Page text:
Now Fosco doesn't quite understand why there is so much hatred of Rachel Ray. As television chef/personalities go, she seems to be one of the most likeable and inoffensive. She doesn't pretend to be a culinary genius (a la Bobby Flay, who should probably be flayed alive. HA!). She doesn't have an infernal catchphrase. She doesn't use a fake Chinese accent. At worst, sometimes her taste is a little middlebrow, but... so what? She's not trying to fool anyone. And how can you fault her for being enthusiastic about food? Isn't that, um, part of her job?

But anyway. I happened to catch Ray's recommendations for San Francisco and thought that Bocadillos looked enjoyable. Additional research confirmed its reputation and so, yesterday evening (after another afternoon at the SFMOMA-that place is addictive), I dropped in for an early dinner.

Because tapas must be accompanied by a drink, Bocadillos has a long, strange list of signature cocktails (in addition to many, many types of wine). I ordered the appropriately-named Euskadi cocktail: a blend of nigori-sake, cranberry juice, and lime juice. The presence of sake in a Basque-themed cocktail is somewhat inexplicable to me and, alas, I do not recommend it.

I'm afraid that this question may cause Fosco some difficulties in the "cultural sensitivity" department, but why are Basque cocktails so bad? The picon punch that I had in Nevada was also really unappetizing. Think I'm exaggerating? Here are two of the other cocktails offered at Bocadillos:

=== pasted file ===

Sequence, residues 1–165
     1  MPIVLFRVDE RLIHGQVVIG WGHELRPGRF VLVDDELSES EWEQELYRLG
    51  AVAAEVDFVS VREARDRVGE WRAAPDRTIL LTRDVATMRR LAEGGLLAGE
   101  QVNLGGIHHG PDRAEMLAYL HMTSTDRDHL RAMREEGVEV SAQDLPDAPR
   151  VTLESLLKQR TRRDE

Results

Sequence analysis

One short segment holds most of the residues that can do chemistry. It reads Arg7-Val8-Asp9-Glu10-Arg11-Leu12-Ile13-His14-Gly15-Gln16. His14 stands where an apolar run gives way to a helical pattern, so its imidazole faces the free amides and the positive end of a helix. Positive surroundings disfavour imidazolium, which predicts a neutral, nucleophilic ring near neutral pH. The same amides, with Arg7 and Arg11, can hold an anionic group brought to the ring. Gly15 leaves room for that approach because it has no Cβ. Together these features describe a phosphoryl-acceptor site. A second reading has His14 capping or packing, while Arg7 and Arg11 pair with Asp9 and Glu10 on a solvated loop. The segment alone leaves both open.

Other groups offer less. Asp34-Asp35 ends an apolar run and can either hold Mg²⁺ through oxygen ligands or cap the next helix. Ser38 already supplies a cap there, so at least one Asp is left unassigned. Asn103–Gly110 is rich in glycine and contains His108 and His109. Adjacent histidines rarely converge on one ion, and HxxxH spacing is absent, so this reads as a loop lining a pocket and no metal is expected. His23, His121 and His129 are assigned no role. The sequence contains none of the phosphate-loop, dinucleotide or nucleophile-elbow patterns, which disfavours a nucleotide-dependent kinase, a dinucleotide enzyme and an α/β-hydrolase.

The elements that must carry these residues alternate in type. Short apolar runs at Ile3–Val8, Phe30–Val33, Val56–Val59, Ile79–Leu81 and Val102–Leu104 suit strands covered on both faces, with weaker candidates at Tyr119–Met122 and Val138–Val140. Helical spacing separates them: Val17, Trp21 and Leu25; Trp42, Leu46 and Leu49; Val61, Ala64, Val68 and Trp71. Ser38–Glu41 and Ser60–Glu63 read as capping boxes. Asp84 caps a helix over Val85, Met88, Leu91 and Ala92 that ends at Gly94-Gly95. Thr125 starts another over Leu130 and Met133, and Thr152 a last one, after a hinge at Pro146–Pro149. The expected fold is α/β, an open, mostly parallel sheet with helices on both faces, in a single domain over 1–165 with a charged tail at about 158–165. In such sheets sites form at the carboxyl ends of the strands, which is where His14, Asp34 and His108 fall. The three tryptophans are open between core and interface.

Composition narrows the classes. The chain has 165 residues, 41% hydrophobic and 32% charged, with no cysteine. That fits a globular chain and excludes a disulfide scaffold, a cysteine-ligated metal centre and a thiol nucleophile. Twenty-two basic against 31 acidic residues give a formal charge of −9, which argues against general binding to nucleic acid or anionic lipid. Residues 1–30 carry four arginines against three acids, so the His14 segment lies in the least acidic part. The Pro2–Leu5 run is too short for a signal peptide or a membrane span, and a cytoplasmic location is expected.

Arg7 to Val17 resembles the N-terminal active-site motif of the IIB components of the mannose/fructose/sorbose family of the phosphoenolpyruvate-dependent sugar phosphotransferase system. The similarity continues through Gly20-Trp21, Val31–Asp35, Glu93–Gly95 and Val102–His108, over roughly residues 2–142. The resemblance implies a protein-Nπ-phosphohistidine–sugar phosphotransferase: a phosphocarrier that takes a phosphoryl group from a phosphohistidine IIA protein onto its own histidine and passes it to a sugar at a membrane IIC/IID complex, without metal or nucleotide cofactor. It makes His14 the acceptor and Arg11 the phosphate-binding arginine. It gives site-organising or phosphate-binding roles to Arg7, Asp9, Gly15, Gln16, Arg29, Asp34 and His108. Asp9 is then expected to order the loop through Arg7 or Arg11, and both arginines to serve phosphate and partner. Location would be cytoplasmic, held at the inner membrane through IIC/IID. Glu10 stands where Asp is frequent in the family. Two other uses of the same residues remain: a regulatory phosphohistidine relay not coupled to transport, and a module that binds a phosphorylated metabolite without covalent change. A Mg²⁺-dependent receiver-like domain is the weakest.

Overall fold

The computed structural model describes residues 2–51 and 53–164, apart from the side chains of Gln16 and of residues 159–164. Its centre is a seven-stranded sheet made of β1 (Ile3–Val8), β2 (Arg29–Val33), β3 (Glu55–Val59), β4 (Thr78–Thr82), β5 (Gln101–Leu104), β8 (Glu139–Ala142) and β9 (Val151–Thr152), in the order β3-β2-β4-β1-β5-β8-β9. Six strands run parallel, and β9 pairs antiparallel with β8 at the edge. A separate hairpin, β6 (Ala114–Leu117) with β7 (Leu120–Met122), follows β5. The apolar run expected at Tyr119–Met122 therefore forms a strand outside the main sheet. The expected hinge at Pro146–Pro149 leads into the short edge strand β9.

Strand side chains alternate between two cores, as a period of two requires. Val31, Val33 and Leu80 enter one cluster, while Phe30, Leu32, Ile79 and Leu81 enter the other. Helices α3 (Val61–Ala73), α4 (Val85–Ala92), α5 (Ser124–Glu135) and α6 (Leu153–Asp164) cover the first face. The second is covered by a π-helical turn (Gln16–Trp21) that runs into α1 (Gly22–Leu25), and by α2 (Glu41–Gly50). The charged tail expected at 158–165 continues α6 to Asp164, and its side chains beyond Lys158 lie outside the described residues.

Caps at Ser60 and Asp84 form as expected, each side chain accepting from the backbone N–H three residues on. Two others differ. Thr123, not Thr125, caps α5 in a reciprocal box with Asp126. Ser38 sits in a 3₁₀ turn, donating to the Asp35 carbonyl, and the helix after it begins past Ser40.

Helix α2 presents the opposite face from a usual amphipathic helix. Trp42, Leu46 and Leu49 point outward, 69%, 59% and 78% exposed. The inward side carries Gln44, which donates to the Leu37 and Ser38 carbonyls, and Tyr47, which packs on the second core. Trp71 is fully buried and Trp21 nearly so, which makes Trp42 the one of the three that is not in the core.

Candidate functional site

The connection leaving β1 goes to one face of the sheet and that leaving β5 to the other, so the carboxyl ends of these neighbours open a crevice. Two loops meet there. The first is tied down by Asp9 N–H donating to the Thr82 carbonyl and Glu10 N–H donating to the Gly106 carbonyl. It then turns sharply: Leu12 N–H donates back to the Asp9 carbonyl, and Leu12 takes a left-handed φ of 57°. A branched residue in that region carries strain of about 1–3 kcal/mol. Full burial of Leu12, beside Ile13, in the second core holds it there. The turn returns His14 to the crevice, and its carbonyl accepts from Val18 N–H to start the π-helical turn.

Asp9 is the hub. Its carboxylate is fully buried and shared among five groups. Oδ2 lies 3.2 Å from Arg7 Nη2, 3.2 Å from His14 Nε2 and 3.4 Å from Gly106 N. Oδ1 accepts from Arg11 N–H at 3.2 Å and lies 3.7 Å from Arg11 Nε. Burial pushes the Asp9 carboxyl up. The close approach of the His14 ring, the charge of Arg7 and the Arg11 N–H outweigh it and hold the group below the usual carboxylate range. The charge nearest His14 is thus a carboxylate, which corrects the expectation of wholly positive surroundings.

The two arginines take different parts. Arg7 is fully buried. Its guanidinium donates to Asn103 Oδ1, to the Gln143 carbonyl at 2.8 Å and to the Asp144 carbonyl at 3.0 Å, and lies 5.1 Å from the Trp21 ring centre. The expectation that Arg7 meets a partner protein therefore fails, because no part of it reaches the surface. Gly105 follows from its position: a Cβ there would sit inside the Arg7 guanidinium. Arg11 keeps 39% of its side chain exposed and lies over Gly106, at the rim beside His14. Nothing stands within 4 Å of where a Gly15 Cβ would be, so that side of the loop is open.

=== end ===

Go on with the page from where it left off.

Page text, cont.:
• half sprite, half lager.
  • half Coke, half red wine.
The next thing you know, they'll be mixing milk and orange juice!

Luckily, the food at Bocadillos is better than the cocktails. The menu is long and there are so many appealing choices that settling on a few is difficult--truly, it would be best to bring several friends and share. However, as Fosco was alone yesterday (his personal assistant Geoffrey was still in Seattle, presenting his entry in the HUMP Amateur Porn Festival). Fosco (heroically) ate
  • a "bocadillo" (small sandwich) of house-made catalan sausage and manchego
  • marinated Moroccan beets: Fosco loves beets, especially as the marinade contained cardamom. Yum!
  • patatas bravas: twice cooked steak fries, tossed in red pepper and served with a delicious romesco sauce
Fortunately, the patatas in particular were quite filling, as Fosco was meter-parked and had to skip dessert.

The food at Bocadillos is good (if you avoid the cocktails), but, on the whole, I don't plan to return. The problem is the service, which was pretty obnoxious, actually. I was made to feel as if I were not quite hip enough to be there (especially strange as I was one of only two patrons there at the early hour--it's not like I was filling a chair that would otherwise have been occupied by Lindsay Lohan's vagina. Would they rather my chair be completely empty? Odd.)

Is it possible that Fosco just isn't cool enough to live in San Francisco? Hmmm.

Monday, September 11, 2006

Field Trip Week: San Francisco Treat, Part 2

[Read Part 1 here.]

After the spending spree at City Lights, Fosco and his personal assistant Geoffrey window-shopped their way through the Market St shopping area (why does the H&M at 150 Post St only have women's apparel? Women's clothes don't fit Fosco.)